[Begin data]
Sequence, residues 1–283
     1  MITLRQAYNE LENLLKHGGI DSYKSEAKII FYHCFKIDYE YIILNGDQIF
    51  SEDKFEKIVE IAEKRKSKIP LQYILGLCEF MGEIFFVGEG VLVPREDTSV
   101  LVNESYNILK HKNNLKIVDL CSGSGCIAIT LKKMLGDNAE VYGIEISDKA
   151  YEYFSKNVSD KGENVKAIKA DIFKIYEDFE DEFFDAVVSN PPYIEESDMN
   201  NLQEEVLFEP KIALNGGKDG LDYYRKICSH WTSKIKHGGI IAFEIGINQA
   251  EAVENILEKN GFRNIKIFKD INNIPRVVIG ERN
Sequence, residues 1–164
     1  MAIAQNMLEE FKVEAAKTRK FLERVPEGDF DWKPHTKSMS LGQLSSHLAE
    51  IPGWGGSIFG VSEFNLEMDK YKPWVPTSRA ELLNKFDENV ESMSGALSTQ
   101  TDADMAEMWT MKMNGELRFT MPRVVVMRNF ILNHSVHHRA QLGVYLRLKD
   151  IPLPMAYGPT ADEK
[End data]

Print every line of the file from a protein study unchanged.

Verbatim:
Sequence, residues 1–283
     1  MITLRQAYNE LENLLKHGGI DSYKSEAKII FYHCFKIDYE YIILNGDQIF
    51  SEDKFEKIVE IAEKRKSKIP LQYILGLCEF MGEIFFVGEG VLVPREDTSV
   101  LVNESYNILK HKNNLKIVDL CSGSGCIAIT LKKMLGDNAE VYGIEISDKA
   151  YEYFSKNVSD KGENVKAIKA DIFKIYEDFE DEFFDAVVSN PPYIEESDMN
   201  NLQEEVLFEP KIALNGGKDG LDYYRKICSH WTSKIKHGGI IAFEIGINQA
   251  EAVENILEKN GFRNIKIFKD INNIPRVVIG ERN
Sequence, residues 1–164
     1  MAIAQNMLEE FKVEAAKTRK FLERVPEGDF DWKPHTKSMS LGQLSSHLAE
    51  IPGWGGSIFG VSEFNLEMDK YKPWVPTSRA ELLNKFDENV ESMSGALSTQ
   101  TDADMAEMWT MKMNGELRFT MPRVVVMRNF ILNHSVHHRA QLGVYLRLKD
   151  IPLPMAYGPT ADEK